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Obama distances himself from Jackson saga

  • Story Highlights
  • Barack Obama understated in his response to Michael Jackson's death
  • White House issued no official tribute following the entertainer's death
  • Obama showed no interest in getting involved in debate over singer's private life
  • Moscow summit offered Obama chance to get as far from Jackson story as he could
By Jonathan Mann
CNN
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(CNN) -- They were the two most famous African-Americans in the world: President Barack Obama and Michael Jackson.

The White House appeared to be putting deliberate distance between the Obama administration and the memorial events following Michael Jackson's death.

The White House appeared to be putting deliberate distance between the Obama administration and the memorial events following Michael Jackson's death.

But when millions of people paused this week to watch Jackson's memorial service in Los Angeles, the president was about as far away as he could get.

That President Obama was in Moscow at a summit -- negotiating weapons limits and other agreements -- was obviously no slight to the late entertainer.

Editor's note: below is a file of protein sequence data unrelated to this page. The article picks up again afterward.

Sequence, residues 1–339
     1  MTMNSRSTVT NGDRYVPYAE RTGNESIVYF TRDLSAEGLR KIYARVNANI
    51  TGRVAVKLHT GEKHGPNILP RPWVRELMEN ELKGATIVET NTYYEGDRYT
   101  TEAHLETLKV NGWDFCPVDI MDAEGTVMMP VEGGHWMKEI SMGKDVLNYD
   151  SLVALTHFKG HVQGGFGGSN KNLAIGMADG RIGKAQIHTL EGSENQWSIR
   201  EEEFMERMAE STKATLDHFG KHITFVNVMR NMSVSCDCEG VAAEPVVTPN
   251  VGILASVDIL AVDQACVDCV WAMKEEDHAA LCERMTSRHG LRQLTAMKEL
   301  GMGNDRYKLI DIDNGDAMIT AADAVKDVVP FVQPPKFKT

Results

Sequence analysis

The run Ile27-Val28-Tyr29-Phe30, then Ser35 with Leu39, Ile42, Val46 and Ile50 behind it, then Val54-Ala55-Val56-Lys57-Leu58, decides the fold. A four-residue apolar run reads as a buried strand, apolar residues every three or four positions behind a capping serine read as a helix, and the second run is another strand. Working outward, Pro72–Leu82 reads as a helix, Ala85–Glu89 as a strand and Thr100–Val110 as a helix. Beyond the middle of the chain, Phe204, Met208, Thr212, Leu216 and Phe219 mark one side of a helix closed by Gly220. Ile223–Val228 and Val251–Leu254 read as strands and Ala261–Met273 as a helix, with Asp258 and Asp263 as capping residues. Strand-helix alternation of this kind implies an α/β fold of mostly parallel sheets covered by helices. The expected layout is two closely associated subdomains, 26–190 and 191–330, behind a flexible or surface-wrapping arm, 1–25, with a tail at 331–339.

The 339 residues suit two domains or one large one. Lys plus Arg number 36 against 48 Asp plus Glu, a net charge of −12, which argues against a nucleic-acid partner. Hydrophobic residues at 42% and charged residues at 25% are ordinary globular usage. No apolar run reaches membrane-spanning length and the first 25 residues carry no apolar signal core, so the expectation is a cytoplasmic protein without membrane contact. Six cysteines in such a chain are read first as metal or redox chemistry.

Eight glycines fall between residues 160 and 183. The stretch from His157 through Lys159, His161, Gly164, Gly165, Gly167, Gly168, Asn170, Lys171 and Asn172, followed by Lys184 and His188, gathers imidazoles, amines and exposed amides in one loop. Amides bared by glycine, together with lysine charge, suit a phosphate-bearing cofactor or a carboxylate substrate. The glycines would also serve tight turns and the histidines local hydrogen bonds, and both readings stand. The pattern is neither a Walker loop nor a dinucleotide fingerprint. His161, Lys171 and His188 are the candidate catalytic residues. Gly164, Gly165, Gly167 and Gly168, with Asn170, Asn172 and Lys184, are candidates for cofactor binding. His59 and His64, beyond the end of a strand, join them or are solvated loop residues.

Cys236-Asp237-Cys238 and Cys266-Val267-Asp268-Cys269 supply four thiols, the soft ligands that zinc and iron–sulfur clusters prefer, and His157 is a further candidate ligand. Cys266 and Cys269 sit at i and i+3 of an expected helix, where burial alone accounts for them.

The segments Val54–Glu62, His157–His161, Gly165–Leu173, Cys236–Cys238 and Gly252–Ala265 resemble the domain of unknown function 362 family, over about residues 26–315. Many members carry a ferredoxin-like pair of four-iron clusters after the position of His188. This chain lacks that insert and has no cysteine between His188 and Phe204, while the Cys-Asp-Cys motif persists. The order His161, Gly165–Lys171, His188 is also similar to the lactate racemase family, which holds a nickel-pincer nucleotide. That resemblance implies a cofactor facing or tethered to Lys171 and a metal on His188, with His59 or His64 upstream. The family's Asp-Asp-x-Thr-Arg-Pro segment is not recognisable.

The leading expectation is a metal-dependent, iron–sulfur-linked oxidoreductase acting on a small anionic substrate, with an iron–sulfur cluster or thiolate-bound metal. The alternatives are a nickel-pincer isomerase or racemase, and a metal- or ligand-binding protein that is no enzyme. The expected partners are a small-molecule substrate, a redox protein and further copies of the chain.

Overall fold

But even before Obama left the country, the White House seemed to be keeping its distance.

There was no public gesture from the president's office when Jackson died, no official tribute to one of the most remarkable Americans of our time.

The White House spokesman, Robert Gibbs, said Obama had "written to the family and has shared his feelings with the family privately."

When the president was pressed by reporters for a public statement, there was careful nuance in his words.

"He became a core part of our culture," the president said in a July 7 interview with CNN ahead of the Jackson memorial service. "His extraordinary talent and music mixed with big dose of tragedy and difficulty in his private life." Did Barack Obama strike the right tone in his understated response to Michael Jackson's death? Sound Off below

The "big dose of tragedy and difficulty" was a gentle phrase to address unproven allegations of child abuse, the odd changes Jackson made to his appearance and the still unexplained circumstances of his death.

Republican Congressman Peter King wasn't as delicate about the deceased.

"This guy was a pervert, he was a child molester," King said.

"I just think that we're too politically correct, no one wants to stand up and say we don't need Michael Jackson."

But Jackson had his defenders. Democrat Congresswoman Sheila Jackson-Lee praised him at his funeral and alluded to the problems in his past.

"As members of the United States Congress, we understand the Constitution, we understand laws, and we know that people are innocent until proven otherwise."

Obama apparently didn't want to be part of the debate.

He said a few words, offered his sympathies and left Michael Jackson to the people who wanted to mourn him.

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